Question 6 :   What is reflection?

Answer 6 :   All .NET compilers produce metadata about the types defined in the modules they produce. This metadata is packaged along with the module (modules in turn are packaged together in assemblies), and can be accessed by a mechanism called reflection. The System.Reflection namespace contains classes that can be used to interrogate the types for a module/assembly. Using reflection to access .NET metadata is very similar to using ITypeLib/ITypeInfo to access type library data in COM, and it is used for similar purposes - e.g. determining data type sizes for marshaling data across context/process/machine boundaries. Reflection can also be used to dynamically invoke methods (see System.Type.InvokeMember ) ,  or even create types dynamically at run-time (see System.Reflection.Emit.TypeBuilder).

Question 7 :   What is an Asssembly Qualified Name? Is it a filename? How is it different?

Answer 7 :   An assembly qualified name isn't the filename of the assembly; it's the internal name of the assembly combined with the assembly version, culture, and public key, thus making it unique. e.g. (""System.Xml.XmlDocument, System.Xml, Version=1.0.3300.0, Culture=neutral, PublicKeyToken=b77a5c561934e089"")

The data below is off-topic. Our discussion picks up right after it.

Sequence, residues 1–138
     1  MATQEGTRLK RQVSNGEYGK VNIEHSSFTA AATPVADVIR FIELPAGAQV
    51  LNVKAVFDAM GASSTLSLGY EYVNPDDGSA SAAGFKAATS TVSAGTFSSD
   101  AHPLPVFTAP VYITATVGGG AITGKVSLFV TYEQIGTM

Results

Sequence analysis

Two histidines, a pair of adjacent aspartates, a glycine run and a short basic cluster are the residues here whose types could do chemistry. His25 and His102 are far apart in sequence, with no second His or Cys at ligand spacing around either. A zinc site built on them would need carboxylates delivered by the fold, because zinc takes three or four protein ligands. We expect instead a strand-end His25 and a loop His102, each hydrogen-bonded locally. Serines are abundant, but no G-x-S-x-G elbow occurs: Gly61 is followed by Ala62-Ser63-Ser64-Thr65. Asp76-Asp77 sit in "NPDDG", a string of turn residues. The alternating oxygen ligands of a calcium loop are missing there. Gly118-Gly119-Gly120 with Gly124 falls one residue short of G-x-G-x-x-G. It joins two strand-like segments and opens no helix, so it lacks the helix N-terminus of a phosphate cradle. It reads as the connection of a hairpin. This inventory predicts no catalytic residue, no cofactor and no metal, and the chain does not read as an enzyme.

Question 8 : Describe what an Interface is and how it’s different from a Class.

Answer 8 :   An interface is a structure of code which is similar to a class. An interface is a prototype for a class and is useful from a logical design perspective. Interfaces provide a means to define the protocols for a class without worrying about the implementation details. The syntax for creating interfaces follows: interface Identifier {   InterfaceBody } Identifier is the name of the interface and InterfaceBody refers to the abstract methods and static final variables that make up the interface. Because it is assumed that all the methods in an interface are abstract, it isn't necessary to use the abstract keyword An interface is a description of some of the members available from a class. In practice, the syntax typically looks similar to a class definition, except that there's no code defined for the methods — just their name, the arguments passed and the type of the value returned. So what good is it? None by itself. But you create an interface so that classes will implement it. But what does it mean to implement an interface. The interface acts as a contract or promise. If a class implements an interface, Question 9 : What are the ways to deploy an assembly?

Answer 9 :   An MSI installer, a CAB archive, and XCOPY command. 

Question 10 :   When should you call the garbage collector in .NET?

Answer 10 :   As a good rule, you should not call the garbage collector.  However, you could call the garbage collector when you are done using a large object (or set of objects) to force the garbage collector to dispose of those very large objects from memory.  However, this is usually not a good practice.